Amid a sea of students in their early 20s wearing caps and gowns at the UMass-Lowell graduation recently, at least one person stood out as not quite fitting the traditional, youthful demographic.
Mary Humble, of Andover, is 76.
But that's not the only unique thing about Humble, who got her bachelor's degree in liberal arts at the school's commencement ceremony on May 17.
Rooting her on, after having studied alongside her, were her daughter, Deirdre Hutchison, 50, and her granddaughter, Georgina Hutchison, 20, also both of Andover and also both students at UMass-Lowell the past year.
"We have studied together, and each of us has kind of inspired the other one to do homework and motivate each other," said daughter Deirdre. "To see my mom wearing a hat and gown was really touching, and I'm so proud of her because I know with all her studies she battled a lot."
Humble's diploma follows decades of fighting against the odds. Growing up in Ireland, she was taken out of school at age 15 to work in her family business, which was an establishment that served as a gas station and restaurant, among other amenities.
After getting married and having children, Humble moved to Tewksbury in 1994 where she worked in advertising.
On top of battling the responsibilities that came along with taking care of a family, Humble also fought cancer and could no longer work as she underwent chemotherapy.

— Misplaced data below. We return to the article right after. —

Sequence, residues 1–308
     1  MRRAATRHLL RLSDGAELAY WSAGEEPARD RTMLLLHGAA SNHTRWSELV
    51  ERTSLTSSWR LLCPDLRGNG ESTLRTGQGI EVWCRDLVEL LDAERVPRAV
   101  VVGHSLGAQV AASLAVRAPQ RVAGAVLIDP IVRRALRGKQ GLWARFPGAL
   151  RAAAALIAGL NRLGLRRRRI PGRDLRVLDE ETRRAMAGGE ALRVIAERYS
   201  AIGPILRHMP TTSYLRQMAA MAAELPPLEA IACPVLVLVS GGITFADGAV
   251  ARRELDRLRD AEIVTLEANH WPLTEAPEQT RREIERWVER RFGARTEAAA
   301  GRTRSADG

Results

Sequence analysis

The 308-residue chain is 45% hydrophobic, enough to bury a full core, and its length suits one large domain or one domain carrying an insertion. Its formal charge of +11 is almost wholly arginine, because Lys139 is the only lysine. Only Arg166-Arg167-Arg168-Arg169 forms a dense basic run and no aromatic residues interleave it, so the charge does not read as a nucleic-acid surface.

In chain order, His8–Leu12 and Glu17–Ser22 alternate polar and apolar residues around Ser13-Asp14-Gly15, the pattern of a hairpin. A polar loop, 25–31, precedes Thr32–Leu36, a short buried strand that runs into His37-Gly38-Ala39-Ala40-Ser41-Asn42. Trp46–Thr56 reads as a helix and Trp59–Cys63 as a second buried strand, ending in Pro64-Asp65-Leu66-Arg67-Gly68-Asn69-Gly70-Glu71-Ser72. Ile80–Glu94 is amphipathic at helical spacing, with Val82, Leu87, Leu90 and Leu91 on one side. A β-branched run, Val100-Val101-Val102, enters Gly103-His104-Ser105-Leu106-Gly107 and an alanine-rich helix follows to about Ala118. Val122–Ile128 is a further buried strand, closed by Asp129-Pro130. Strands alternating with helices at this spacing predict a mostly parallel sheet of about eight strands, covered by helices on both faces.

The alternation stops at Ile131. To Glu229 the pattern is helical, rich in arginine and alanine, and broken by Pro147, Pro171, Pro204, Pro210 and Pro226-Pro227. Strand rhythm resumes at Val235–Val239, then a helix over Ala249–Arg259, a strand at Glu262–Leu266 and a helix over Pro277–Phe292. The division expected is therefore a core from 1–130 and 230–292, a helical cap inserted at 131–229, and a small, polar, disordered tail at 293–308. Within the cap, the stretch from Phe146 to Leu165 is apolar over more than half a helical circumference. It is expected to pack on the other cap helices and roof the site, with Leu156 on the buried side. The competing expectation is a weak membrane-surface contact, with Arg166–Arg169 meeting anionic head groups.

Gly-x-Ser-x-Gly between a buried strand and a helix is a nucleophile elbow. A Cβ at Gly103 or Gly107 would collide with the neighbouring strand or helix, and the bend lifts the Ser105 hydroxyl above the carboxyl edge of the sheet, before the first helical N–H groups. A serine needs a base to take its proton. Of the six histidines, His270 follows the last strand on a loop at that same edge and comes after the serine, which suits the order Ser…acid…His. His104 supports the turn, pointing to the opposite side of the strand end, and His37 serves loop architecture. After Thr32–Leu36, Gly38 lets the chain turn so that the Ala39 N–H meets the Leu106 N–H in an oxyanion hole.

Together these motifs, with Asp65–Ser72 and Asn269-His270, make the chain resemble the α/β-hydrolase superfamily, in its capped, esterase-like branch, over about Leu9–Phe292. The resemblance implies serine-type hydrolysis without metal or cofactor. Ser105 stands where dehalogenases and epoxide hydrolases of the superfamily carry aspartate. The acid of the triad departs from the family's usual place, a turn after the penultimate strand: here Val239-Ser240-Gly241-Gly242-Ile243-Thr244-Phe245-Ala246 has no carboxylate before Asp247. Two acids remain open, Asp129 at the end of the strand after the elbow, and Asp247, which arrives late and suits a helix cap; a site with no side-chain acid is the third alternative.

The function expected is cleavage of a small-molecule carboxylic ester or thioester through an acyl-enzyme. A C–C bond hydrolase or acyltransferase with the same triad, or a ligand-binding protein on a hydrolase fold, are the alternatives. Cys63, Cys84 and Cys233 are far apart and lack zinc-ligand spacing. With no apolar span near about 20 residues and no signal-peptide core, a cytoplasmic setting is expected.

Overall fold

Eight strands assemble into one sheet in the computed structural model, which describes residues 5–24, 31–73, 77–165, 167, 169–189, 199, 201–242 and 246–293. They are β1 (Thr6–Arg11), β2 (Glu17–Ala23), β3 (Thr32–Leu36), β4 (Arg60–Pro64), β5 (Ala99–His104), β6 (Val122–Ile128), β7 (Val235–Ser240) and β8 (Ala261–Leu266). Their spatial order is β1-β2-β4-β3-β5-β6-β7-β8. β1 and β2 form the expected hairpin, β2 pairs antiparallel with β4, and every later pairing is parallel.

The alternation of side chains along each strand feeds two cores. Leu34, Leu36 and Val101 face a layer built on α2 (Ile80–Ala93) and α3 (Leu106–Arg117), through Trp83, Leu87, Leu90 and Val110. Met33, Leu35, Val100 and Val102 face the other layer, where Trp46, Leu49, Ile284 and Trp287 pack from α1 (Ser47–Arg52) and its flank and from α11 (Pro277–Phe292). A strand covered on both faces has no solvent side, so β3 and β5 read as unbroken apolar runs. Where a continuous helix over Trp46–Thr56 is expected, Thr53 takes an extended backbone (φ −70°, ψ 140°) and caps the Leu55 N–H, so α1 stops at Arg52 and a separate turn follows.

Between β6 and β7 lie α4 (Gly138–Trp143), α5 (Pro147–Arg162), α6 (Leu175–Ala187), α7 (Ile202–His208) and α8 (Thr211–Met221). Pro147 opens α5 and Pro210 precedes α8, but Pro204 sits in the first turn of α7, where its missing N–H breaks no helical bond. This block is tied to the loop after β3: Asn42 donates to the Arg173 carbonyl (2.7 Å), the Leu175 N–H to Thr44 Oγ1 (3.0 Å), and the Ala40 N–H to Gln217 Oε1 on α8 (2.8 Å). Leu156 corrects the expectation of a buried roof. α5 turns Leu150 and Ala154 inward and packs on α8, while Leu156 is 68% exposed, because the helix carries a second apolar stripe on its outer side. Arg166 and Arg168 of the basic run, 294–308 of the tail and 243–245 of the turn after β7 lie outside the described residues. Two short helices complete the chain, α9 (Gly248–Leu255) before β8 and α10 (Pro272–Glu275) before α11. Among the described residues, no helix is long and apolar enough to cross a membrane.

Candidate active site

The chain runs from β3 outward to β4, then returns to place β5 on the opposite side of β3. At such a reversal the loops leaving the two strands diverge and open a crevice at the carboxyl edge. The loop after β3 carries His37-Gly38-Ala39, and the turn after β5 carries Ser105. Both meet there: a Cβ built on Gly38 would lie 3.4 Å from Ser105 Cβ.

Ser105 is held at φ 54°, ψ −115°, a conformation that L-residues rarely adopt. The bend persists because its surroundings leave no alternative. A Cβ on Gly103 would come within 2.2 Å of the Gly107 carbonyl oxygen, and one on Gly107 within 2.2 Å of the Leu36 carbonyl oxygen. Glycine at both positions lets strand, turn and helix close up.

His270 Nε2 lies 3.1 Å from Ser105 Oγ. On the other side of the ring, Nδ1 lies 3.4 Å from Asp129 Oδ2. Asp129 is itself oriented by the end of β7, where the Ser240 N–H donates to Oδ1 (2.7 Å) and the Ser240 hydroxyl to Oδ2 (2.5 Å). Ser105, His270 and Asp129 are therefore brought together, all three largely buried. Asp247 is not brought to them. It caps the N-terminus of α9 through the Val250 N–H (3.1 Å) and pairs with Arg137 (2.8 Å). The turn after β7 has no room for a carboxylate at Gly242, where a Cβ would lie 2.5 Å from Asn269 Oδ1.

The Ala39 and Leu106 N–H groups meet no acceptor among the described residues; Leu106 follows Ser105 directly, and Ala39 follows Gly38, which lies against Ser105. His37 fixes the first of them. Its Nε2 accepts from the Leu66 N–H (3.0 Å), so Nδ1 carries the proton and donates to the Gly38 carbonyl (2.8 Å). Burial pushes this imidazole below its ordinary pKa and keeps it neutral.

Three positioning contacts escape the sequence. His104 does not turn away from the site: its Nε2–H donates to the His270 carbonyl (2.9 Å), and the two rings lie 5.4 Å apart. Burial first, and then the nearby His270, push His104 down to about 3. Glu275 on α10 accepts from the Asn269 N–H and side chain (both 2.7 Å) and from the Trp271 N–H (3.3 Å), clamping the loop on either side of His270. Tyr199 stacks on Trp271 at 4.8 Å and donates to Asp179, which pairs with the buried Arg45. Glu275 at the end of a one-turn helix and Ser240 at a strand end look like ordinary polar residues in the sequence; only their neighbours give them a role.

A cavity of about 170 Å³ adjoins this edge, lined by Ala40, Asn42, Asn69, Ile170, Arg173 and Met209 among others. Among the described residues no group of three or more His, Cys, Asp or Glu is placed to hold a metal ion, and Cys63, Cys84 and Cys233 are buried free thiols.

Though she was told by doctors she would have anywhere from three months to three years to live, she is now in remission after her diagnosis 18 years ago. And on top of that, she is a college graduate.
Bored with being home and wanting to keep her mind active, Humble got her General Educational Development, or GED, from a high school in Tewksbury. She then earned her associate's degree from Middlesex Community College before enrolling at UMass-Lowell.
It has taken Humble nearly 10 years to receive her degree, but Deirdre said those years watching her mother attend college inspired her to do the same.
"I saw mom go back and I was like, 'If she can do it I can do it,'" she said. "So after 30 years, I finally picked up the courage and took a couple classes at Northern Essex Community College."
Deirdre then enrolled at UMass-Lowell after spending a day shadowing another student, and is now studying history there with a minor in English.
Georgina, meanwhile, not to be left out of the family fun, transferred to UMass-Lowell from the University of Scranton and studies criminal justice. Over the summer, she even took a class with her grandmother.
Deirdre said she hopes her 17-year-old son Sebastian will attend the school one day, too, and follow in his sister's, mother's and grandmother's footsteps.